Online Program

Importance of Engaging End-Users in Intervention Research Study Design: Lessons Learned from the CHICAGO Trial

Monday, November 2, 2015 : 8:30 a.m. - 8:50 a.m.

Molly A. Martin, MD, Department of Pediatrics, University of Illinois at Chicago, Chicago, IL
Kim Erwin, Illinois Institute of Technology, Chicago, IL
Stacy Ignoffo, MSW, Chicago Asthma Consortium, Chicago, IL
Kate McMahon, MPH, Programs and Policy Department, Respiratory Health Association, Chicago, IL
Valerie Press, MD, University of Chicago, Chicago, IL
Helen Margellos-Anast, MPH, Sinai Urban Health Institute, Sinai Health System, Chicago, IL
Jessica Ramsay, MPH, AE-C, Sinai Urban Health Institute, Sinai Health Systems, Chicago, IL
Helene Gussin, PhD, University of Illinois at Chicago, Chicago, IL
Michael Berbaum, PhD, Institute for Health Research and Policy, University of Illinois at Chicago, Chicago, IL
Rajesh Kumar, MD, Lurie Children's Hospital, Chicago, IL
Cortland Lohff, MD, Chicago Department of Public Health, Chicago
Giselle Mosnaim, MD, Preventive Medicine, Rush University Medical Center, Chicago, IL
Sharmilee Nyenhuis, MD, University of Illinois at Chicago, Chicago
Soyemi Kenneth, MD, MPH, Department of Pediatrics, Division of Emergency Medicine, John H Stroger Jr. Hospital of Cook County, Chicago, IL
Jerry Krishnan, MD, PhD, Department of Pulmonary, Critical Care, Sleep, and Allergy, University of Illinois at Chicago, University of Illinois Hospital and Health Sciences System, Chicago, IL

The Coordinated Healthcare Interventions for Childhood Asthma Gaps in Outcomes (CHICAGO Trial) was funded to conduct a 3-arm multicenter pragmatic trial to evaluate interventions to improve asthma control in high risk Chicago children. In preparation for the trial, the study team conducted a formative evaluation with end-users.


In the summer of 2014, we engaged caregivers of children with asthma through focus groups (2 groups, N=9) and user-centered interviews (N=9), and conducted a focus group with asthma CHWs (N=8), to collect their experience.  Additional stakeholder input was obtained through key informant interviews at each of the six emergency department (ED) clinical sites with ED-based providers, administrators, nurses, and ambulatory providers. ED tours and observations were also conducted at each site.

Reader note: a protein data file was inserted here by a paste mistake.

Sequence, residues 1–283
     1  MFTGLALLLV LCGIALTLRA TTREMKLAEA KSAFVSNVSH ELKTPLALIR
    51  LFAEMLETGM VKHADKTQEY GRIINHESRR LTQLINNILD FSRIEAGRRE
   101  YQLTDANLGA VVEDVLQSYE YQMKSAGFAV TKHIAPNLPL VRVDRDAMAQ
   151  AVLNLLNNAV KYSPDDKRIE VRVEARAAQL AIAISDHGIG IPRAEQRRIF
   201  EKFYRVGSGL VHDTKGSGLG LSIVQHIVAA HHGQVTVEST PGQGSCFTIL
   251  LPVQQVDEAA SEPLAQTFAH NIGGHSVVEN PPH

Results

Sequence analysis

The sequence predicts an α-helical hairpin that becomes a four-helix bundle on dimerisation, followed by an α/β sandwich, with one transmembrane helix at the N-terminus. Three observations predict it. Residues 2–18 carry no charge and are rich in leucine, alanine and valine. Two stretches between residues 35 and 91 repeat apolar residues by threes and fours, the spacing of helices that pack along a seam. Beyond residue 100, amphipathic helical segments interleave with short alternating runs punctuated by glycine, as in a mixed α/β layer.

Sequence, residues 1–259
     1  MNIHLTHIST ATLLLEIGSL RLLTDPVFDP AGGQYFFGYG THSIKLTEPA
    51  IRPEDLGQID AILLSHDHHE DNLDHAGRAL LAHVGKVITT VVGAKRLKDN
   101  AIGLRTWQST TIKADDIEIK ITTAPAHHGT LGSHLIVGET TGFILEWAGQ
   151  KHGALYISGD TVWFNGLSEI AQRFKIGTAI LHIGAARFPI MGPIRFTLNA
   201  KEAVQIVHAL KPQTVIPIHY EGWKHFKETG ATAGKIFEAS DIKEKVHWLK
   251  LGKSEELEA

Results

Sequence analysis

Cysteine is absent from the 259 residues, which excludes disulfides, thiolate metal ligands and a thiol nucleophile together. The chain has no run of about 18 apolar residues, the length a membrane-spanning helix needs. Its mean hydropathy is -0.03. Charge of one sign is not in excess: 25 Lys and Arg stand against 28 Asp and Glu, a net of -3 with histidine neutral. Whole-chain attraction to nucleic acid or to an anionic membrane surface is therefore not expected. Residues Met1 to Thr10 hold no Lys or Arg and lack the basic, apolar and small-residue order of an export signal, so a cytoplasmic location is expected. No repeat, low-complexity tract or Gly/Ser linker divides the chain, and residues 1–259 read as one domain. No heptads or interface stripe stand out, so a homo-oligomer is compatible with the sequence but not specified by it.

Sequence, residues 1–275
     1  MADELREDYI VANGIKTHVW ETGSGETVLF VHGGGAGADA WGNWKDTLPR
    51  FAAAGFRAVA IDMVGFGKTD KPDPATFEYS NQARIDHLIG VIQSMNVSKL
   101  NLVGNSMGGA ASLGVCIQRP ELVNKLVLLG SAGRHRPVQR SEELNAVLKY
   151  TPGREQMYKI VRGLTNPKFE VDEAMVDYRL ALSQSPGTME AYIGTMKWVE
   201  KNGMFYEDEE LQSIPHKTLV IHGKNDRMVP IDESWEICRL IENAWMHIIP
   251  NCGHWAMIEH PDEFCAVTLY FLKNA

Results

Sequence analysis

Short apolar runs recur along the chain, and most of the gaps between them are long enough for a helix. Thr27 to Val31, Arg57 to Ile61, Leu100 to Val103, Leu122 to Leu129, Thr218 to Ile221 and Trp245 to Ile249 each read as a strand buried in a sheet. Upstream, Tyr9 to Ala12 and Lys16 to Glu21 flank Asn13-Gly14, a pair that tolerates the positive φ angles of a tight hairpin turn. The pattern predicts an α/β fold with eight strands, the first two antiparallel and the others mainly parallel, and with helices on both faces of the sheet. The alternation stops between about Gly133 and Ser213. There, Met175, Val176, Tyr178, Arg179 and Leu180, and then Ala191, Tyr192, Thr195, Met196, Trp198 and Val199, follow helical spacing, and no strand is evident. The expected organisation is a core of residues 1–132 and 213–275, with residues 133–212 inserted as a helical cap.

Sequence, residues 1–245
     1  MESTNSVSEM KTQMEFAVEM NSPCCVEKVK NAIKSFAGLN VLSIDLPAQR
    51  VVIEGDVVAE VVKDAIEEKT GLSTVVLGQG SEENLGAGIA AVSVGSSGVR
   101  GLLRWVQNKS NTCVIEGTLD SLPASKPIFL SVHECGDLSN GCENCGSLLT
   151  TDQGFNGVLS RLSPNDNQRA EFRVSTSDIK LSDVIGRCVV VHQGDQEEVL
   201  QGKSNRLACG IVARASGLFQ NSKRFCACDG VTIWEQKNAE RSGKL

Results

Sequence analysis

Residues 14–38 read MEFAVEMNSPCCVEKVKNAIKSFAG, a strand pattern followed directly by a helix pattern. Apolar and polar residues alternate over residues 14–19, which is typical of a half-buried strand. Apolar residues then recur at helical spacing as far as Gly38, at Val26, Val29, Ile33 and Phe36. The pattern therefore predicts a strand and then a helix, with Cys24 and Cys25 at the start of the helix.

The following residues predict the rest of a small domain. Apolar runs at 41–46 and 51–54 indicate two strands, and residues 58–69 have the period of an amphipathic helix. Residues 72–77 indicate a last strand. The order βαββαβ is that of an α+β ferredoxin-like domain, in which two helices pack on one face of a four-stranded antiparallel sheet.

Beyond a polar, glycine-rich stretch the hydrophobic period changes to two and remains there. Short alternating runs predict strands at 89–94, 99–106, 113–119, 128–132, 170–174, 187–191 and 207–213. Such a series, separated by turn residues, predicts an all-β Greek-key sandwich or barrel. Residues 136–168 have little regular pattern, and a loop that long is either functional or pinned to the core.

The primary intervention in EDs is delivery of a redesigned discharge asthma action plan. Input from the caregivers, CHWs, and providers suggested multiple design modifications to this instrument to improve its utility to caregivers and providers. The results also revealed that ED discharge protocols typically include patient education at a single point in time, usually just as families are preparing to leave the ED and are least ready to take full advantage of interactions with ED staff.  The CHICAGO Trial study design was therefore modified to reposition self-management education so that it occurs at various “teachable moments” during the treatment and observation period.


Engagement of end-users in the design phase of implementation research is a critical step to ensure research feasibility and relevance.

Learning Areas:

Assessment of individual and community needs for health education
Chronic disease management and prevention
Implementation of health education strategies, interventions and programs
Social and behavioral sciences

Learning Objectives:
Describe the process of engaging end-users in research planning. Discuss the value added to implementation research by engaging end-users early in the design process

Keyword(s): Asthma, Partner Involvement

Presenting author's disclosure statement:

Qualified on the content I am responsible for because: I led the research and wrote the abstract.
Any relevant financial relationships? No

I agree to comply with the American Public Health Association Conflict of Interest and Commercial Support Guidelines, and to disclose to the participants any off-label or experimental uses of a commercial product or service discussed in my presentation.